Governor approves death benefit legislation


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TRENTON — Legislation sponsored by Senator Steve Oroho (R-Sussex, Warren, Morris) to help families secure state and federal benefits after the death of a loved one has been signed into law.

“People work hard their whole lives in order to provide for their families, and that includes earning death benefits,” Senator Oroho said. “There are often plenty of regulations and other bureaucratic hurdles that families must clear before they can receive those benefits. This new law will make that a little easier, especially at a time when people are grieving.”

The legislation requires professionals certifying death to perform any testing and related actions necessary for survivors to claim state and federal benefits.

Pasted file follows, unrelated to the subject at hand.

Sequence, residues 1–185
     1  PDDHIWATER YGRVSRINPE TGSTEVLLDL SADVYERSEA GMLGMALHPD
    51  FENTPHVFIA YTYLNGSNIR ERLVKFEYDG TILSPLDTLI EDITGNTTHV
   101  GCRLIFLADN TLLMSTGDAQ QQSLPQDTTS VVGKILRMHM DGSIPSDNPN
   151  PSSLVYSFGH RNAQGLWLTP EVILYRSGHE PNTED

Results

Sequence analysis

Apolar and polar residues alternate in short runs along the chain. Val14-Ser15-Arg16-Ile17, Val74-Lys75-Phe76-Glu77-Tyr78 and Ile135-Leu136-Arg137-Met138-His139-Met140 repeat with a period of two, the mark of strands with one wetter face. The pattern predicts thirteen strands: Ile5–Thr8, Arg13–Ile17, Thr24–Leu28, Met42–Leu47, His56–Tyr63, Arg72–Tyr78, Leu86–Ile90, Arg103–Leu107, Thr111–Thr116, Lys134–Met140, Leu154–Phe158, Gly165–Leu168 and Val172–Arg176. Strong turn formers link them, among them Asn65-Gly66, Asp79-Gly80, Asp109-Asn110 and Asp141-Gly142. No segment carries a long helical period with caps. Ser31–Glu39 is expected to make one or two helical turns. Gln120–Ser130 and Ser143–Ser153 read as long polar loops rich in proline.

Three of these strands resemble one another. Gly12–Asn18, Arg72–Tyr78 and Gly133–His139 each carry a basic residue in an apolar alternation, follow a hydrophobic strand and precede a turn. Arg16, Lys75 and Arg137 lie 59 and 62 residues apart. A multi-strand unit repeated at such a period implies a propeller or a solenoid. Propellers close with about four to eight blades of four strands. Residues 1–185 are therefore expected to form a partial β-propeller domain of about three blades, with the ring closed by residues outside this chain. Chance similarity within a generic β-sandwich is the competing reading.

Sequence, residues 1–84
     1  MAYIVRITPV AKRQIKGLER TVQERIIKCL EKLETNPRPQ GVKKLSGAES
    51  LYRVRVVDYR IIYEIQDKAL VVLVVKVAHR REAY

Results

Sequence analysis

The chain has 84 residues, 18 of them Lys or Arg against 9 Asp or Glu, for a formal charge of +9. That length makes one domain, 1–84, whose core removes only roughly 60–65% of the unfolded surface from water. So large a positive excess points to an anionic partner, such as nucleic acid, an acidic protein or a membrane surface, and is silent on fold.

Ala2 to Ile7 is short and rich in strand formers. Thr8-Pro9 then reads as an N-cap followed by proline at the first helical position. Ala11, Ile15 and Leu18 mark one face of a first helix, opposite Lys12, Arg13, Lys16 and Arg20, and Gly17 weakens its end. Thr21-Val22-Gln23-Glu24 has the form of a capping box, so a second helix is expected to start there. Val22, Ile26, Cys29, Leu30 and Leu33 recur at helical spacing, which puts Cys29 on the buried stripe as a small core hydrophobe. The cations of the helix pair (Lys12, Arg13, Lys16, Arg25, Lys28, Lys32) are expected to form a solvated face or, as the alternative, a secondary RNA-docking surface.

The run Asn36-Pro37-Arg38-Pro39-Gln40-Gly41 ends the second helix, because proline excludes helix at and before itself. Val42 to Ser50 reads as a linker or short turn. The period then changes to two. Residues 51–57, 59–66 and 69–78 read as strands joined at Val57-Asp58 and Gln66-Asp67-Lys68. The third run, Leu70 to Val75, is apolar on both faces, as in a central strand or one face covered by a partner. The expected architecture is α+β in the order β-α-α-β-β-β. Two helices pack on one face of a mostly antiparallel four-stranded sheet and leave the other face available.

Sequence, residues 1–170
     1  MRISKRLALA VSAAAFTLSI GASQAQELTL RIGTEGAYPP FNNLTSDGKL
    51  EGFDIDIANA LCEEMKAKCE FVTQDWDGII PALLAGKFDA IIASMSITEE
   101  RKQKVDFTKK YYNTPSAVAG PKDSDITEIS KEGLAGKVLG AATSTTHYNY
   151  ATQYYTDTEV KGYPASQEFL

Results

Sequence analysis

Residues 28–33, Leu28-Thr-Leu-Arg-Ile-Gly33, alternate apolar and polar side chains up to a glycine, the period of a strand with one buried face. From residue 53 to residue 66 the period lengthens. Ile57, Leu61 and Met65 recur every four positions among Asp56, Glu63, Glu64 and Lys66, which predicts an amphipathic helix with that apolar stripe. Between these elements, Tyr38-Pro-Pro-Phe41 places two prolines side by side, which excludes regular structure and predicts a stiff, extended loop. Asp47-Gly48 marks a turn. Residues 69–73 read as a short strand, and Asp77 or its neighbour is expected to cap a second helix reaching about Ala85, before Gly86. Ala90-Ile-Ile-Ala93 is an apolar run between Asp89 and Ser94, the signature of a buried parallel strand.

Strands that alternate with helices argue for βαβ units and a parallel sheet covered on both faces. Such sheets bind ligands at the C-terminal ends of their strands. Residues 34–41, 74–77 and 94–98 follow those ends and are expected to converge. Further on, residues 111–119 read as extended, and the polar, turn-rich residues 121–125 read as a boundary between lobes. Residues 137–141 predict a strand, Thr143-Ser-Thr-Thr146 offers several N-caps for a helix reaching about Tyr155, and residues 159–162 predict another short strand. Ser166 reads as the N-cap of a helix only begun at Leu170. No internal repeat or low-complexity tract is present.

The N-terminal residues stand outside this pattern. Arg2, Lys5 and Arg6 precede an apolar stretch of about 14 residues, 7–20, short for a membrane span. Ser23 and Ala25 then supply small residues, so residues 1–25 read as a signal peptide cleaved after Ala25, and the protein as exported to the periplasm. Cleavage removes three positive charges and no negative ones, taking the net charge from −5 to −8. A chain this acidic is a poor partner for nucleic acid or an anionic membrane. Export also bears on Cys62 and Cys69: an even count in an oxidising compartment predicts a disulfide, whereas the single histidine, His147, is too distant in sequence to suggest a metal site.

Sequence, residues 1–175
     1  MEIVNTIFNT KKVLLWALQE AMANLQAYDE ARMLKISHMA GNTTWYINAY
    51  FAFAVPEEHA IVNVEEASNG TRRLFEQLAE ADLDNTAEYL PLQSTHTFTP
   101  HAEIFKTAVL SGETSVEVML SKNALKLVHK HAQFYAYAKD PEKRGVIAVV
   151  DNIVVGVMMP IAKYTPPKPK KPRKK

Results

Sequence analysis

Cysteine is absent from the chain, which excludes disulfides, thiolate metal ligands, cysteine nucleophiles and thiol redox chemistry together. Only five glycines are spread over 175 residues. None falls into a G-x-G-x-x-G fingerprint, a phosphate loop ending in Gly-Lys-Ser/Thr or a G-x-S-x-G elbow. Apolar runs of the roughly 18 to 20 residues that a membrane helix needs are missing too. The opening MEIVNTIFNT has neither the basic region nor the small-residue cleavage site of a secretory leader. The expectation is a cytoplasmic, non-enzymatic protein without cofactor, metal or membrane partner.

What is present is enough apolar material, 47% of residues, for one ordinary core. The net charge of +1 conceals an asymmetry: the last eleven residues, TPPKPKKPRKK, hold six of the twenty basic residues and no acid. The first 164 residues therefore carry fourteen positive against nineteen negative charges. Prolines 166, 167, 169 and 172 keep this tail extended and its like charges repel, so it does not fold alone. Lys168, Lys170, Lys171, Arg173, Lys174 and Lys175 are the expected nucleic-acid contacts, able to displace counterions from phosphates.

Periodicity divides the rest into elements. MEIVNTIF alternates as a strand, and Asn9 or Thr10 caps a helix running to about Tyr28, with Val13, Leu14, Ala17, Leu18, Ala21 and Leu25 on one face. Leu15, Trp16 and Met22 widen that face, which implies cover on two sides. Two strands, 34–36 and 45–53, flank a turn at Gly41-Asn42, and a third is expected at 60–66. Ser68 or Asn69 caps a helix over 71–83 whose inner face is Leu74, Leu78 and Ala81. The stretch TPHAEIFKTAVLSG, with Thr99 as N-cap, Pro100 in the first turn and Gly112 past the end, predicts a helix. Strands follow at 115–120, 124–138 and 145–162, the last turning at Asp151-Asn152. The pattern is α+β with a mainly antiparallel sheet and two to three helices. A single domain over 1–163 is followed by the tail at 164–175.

Senator Oroho helped craft the new law in response to a situation involving a Sussex County first responder in 2016. The individual had a heart attack in the line of duty and later died after being taken to the hospital.

The family requested a toxicology test, which was a requirement to qualify for the federal government’s Public Safety Officers Benefits Act’s death benefit. At first, the hospital refused to conduct the test due to cost, putting the family’s benefit at risk since test must be administered within 48 hours of the time of death. However, they ultimately cooperated with the family’s request.

“Grieving family shouldn’t have to fight for tests to get the death benefits they’re due,” Senator Oroho said. “Our new law will ensure that performing those tests becomes normal operating procedure for all hospitals and medical personnel in New Jersey.”

Assemblyman Parker Space sponsored the companion legislation in the General Assembly.



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